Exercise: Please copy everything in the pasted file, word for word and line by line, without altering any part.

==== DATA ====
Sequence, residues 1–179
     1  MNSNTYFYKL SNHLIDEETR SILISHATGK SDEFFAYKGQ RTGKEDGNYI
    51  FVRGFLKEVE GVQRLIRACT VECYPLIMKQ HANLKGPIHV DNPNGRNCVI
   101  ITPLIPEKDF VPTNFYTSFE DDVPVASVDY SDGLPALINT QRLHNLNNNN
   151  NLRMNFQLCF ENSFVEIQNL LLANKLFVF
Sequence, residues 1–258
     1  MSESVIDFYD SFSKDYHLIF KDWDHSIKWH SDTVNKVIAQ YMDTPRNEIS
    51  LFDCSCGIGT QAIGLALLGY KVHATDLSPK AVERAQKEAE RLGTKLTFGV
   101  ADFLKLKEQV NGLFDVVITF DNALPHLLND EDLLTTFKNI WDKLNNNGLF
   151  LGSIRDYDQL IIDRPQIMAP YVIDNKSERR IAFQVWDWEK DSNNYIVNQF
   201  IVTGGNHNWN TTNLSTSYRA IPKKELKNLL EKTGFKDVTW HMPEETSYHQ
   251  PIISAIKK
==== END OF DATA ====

Sequence, residues 1–179
     1  MNSNTYFYKL SNHLIDEETR SILISHATGK SDEFFAYKGQ RTGKEDGNYI
    51  FVRGFLKEVE GVQRLIRACT VECYPLIMKQ HANLKGPIHV DNPNGRNCVI
   101  ITPLIPEKDF VPTNFYTSFE DDVPVASVDY SDGLPALINT QRLHNLNNNN
   151  NLRMNFQLCF ENSFVEIQNL LLANKLFVF
Sequence, residues 1–258
     1  MSESVIDFYD SFSKDYHLIF KDWDHSIKWH SDTVNKVIAQ YMDTPRNEIS
    51  LFDCSCGIGT QAIGLALLGY KVHATDLSPK AVERAQKEAE RLGTKLTFGV
   101  ADFLKLKEQV NGLFDVVITF DNALPHLLND EDLLTTFKNI WDKLNNNGLF
   151  LGSIRDYDQL IIDRPQIMAP YVIDNKSERR IAFQVWDWEK DSNNYIVNQF
   201  IVTGGNHNWN TTNLSTSYRA IPKKELKNLL EKTGFKDVTW HMPEETSYHQ
   251  PIISAIKK